HMS Beagle never dropped anchor off Bermuda. The island nonetheless attracted Darwin’s curiosity. Bermuda perplexed Darwin because it did not nearly conform to what he had seen in the Pacific. Bermuda bore “a close general resemblance to an atoll,” but “differs much from any other island I am acquainted with.” Bermuda did not have a perfect fringe reef that was exposed at low water, nor did it have a complete, encircling “border of gradually shoaling water.” Indeed, part of the island’s ring seemed to have tilted below the sea while the other rim was now permanently out of the water. Last, Bermuda’s “size, height, and extraordinary form did not parallel that of the low-lying, circular atolls Darwin had seen on his travels.
Nelson had noted Bermuda’s hills, most notably 260-foot-high Sears’ Hill in Smith’s and 240-foot-high Gibbs Hill in Southampton. It seemed unlikely that such elevations could have been produced by simple coral growth and wind action. The presence of layer of red earth too heavy to have been shifted by wind in the coral strata indicated that other forces must have been at work in the island’s creation. (High on the slopes of the Andes in Chile, Darwin had found embedded seashells, evidence that mountains had once been under the sea). Bermuda was thus a different kind of coral island. Indeed, it was in fact the northernmost coral island in the world. Throughout the rest of the century, geologists would debate just where Bermuda fit in the geological lexicon. Was Darwin right? Was Bermuda the product of subsidence or had the wind and waves alone shaped it?
Bermuda played another role for late nineteenth-century scientists. It offered them a unique base for research, different from North America and Europe in its geology, flora and fauna. The geologists among them invariably returned to the subsidence debate. In the early 1870s, for instance, James Dana of Yale University concluded that the “lonely Bermuda atoll” was the produce of subsidence and “the tongue of warm water due to the Gulf Stream.” Dana dramatically suggested that a “rate of sinking exceeding five feet in a thousand years … would have buried islands and reefs together in the ocean: while, with a lower rate, the reefs might have kept themselves at the water’s surface.” Bermuda, in effect, was in a slow race to stay afloat.
In 1884, William North Rice, a professor of geology at Wesleyan University, asked the now-familiar question “Is Bermuda an atoll?” in a Smithsonian Institution publication. In the late 1870s, Rice spent two winters in Bermuda studying its geology. For Rice, Bermuda was closer to the norm of a coral atoll-the product of age-old, gradual subsidence, constant coral buildup and abrasive erosion. The principal characteristic of Bermuda was “the immense erosion which has taken place…Many of the most picturesque features of Bermudian scenery are due to this erosion.” The cave at Paynter’s Vale was, for instance, full of “pygmy” stalagmites and stalactites.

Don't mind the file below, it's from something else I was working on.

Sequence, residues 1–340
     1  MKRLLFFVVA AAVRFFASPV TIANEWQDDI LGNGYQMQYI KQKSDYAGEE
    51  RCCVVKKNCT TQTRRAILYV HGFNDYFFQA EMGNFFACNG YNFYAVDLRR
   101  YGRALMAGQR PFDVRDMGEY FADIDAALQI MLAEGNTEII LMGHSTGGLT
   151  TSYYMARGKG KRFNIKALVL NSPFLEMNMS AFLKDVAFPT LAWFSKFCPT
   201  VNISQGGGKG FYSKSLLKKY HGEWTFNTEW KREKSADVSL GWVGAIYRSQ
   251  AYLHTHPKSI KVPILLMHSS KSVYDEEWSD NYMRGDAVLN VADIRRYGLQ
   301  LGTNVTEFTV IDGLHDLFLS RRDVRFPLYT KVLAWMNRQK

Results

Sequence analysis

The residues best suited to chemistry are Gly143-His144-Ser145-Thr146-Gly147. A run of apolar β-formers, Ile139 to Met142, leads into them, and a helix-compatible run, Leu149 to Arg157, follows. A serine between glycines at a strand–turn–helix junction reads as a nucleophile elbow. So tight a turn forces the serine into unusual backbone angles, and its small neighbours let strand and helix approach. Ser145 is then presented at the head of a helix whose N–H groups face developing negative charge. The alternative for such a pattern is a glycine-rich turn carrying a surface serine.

Other eminent geologists followed in Rice’s footsteps. In 1888, Professor Angelo Heilprin from the Academy of Natural Science in Philadelphia arrived “to satisfy my mind on certain points connected with the structure and physiognomy of coral reefs, to the study of which the Bermudas offer special advantage.” Was Bermuda the result of a contest between low subsidence and compensating coral growth shaved by erosion? Or was it simply the outcome of “simple coral upgrowth”? As impressed as he was by erosion’s “annihilating” power, Heilprin noted that coral accumulation always exceeded erosion and that the relative stability of the island must, therefore, be explained by subtle subsidence. Darwin had another ally.
Darwin still had his naysayers. The spring of 1894 brought another distinguished geologist to Bermuda. Swiss-born Alexander Agassiz was the curator of the Museum of Comparative Zoology at Harvard University and came from a family famous for scientific investigation. Agassiz agreed with Darwin that subsidence had “brought about the existing condition of the islands and sounds” of Bermuda, but differed in believing that “the corals have not added any material part to the reefs.” “It seems to me,” he wrote, “more natural to suppose that the Bermudas were formed during a period of rest, when the level of the reef was stationary …. ” This would explain why Bermuda’s present shape bore little resemblance “to the ring of an atoll.”
Thus, for almost a century, a debate had raged-raged, at least, in polite academic tones-over the fundamental question of where Bermuda had come from. The debate had implications far beyond simply understanding the lay of the land in Bermuda and far beyond the colony’s perimeter reef. Big questions were being asked of a small place, questions of profound importance for people struggling to find a new balance between God and nature. Darwin’s fascination with coral atolls had led him to speculate how landmasses were shaped over time-how they evolved. Other geologists sensed the same potential.